COPENHAGEN—U.S. forests and soils store some 90 billion metric tons of carbon, or 50 years worth of present U.S. emissions from fossil fuels, according to a new study from the U.S. Geological Survey. As negotiators here at the United Nations' climate summit continue to struggle to draft a global agreement to cut greenhouse gas emissions—including efforts to reduce deforestation and protect natural sinks—the U.S. Department of Interior is transforming the business of public lands and waters to help combat climate change.

First and foremost, on December 10, Secretary of the Interior Ken Salazar attempted to reassure the world that the U.S. is once again actively engaged in the global effort to combat climate change. "The U.S.A. understands the danger climate change poses to our world and we as a nation are committed to facing that challenge," he said at an event in the U.S. pavilion. "Climate change is affecting every corner of the American continent." For example, Florida's Pelican Island—the nation's first wildlife preserve formed in 1903— "is being consumed by the rising sea and may disappear."

Salazar outlined some of the mitigation efforts under way at Interior, which manages a full fifth of national lands as well as expanses of ocean off the coasts, including mineral and fossil fuel resources. The majority of those efforts in the 11 months of the Obama administration focus on turning the nation's public lands into resources for combating climate change—either as locations for renewable energy projects, carbon sinks or buffers against weird weather.

In addition to the 2,500 square kilometers that Interior is evaluating for solar power potential, the U.S. Department of Energy's National Renewable Energy Lab estimates that wind farms off the east coast could ultimately produce 1,000 gigawatts of power. "That's more power from wind alone than is needed to power the entire electrical needs of the U.S.," Salazar noted. He called for generating at least 20 percent of U.S. power from such wind resources by 2030—following in Denmark's footsteps—and noted that 5,300 megawatts of new renewable energy projects, including geothermal, refitted hydropower, solar and wind (on- and offshore), are currently being evaluated by his department for public lands, along with the transmission corridors to go with them.

The Interior Department is also focused on ensuring continued exploration of U.S. fossil-fuel resources, including Powder River Basin coal in Wyoming and new exploratory oil leases in the Chukchi Sea, among others. "We have to go through a transition. We have significant resources including oil and gas which will continue to be part of our energy portfolio for years to come," Salazar said. But "we are looking at geological formations in the U.S. such as oil and gas reservoirs and saline formations to determine how they can be used to reduce atmospheric levels of CO2. These are efforts to find the right places to store CO2."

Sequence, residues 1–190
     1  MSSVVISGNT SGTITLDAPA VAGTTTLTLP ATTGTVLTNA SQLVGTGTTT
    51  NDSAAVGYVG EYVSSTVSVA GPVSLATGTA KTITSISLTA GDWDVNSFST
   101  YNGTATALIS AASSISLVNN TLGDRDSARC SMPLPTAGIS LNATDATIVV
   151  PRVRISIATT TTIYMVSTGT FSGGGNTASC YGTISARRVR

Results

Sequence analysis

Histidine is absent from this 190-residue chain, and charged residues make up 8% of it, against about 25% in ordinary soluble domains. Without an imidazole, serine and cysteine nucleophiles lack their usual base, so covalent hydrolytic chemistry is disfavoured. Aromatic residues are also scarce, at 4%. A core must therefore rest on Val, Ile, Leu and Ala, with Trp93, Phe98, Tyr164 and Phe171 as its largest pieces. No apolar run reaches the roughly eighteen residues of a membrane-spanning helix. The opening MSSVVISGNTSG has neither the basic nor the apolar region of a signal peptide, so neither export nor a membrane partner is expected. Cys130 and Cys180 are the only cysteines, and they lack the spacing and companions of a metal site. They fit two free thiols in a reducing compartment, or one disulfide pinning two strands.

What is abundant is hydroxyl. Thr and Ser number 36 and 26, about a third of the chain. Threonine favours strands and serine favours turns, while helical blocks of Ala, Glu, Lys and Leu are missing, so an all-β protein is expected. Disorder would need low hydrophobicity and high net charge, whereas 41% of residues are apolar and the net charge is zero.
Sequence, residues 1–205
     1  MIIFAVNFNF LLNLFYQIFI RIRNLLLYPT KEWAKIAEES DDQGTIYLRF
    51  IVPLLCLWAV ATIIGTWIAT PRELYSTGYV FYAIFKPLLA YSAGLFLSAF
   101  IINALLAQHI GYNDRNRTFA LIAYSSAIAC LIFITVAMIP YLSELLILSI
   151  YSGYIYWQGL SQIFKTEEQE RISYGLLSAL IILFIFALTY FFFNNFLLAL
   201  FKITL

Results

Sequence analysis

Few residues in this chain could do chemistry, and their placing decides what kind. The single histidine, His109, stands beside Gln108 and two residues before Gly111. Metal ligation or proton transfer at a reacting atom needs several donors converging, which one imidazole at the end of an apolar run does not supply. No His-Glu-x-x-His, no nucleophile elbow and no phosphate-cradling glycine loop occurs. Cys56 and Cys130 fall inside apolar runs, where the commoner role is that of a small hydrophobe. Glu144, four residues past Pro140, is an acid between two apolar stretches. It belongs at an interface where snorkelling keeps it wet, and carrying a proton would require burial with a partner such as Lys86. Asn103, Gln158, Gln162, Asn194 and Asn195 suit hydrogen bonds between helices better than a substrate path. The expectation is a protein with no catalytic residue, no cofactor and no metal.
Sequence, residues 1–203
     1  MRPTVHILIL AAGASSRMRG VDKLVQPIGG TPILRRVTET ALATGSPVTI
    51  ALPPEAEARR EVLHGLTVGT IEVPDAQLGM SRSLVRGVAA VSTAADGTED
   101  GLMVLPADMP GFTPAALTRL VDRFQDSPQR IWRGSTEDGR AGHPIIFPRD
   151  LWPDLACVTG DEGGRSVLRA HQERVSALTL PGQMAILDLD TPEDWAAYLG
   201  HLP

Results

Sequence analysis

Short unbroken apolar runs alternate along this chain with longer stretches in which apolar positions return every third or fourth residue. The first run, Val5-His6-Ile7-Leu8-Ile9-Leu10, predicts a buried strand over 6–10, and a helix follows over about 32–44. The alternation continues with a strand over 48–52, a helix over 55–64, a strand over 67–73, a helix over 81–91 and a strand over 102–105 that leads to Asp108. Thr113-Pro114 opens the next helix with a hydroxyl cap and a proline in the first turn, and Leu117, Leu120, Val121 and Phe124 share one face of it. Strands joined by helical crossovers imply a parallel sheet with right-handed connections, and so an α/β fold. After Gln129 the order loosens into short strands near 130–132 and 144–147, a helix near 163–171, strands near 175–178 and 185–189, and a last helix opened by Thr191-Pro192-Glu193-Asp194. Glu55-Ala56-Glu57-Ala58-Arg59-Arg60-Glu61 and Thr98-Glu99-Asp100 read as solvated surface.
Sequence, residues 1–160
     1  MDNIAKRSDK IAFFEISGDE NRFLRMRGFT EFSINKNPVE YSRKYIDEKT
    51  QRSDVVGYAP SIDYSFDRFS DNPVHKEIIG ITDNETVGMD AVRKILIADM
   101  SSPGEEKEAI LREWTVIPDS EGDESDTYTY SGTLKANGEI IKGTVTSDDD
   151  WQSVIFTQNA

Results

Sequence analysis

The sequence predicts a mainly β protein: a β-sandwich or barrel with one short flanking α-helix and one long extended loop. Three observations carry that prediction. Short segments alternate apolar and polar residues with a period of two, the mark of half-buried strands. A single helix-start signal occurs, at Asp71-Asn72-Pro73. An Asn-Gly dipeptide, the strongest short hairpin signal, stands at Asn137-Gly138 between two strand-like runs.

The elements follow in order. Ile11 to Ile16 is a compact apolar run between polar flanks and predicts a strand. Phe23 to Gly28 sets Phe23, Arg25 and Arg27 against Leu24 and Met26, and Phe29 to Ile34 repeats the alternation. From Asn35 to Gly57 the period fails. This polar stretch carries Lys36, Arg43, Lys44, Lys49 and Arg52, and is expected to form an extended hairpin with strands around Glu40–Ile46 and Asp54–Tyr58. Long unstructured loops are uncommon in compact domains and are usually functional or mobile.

Such carbon dioxide storage—along with the technology to capture it before it goes up the smokestack—will be critical as the U.S. and other countries, such as China and India, continue to burn coal to produce the majority of their electricity. "We have more coal in the U.S. perhaps than any other resource we have," Salazar noted. "The question is not whether we are going to continue to have coal as part of the energy portfolio. The real question is how can we reduce carbon emissions from coal."

Ultimately, Salazar also wanted to reassure the world that the U.S. will one day limit greenhouse gas emissions. "We will pass comprehensive carbon legislation in the U.S.," Salazar said at the event he called "an opportunity to tell the rest of the world what it is we are doing." He added: "We've already done a U-turn from the place where the previous administration was taking the country with respect to climate change and energy."

And a return of some of those public lands to fully functioning, as is being done with the ongoing restoration of the Everglades in Florida, could recreate new carbon sinks. "By restoring ecosystems, U.S. lands can store more carbon," Salazar said. "In the U.S., we are losing three million acres of land every year to development, an area the size of Connecticut. When we lose those areas for development we also lose carbon sinks that are created by vegetation in those places."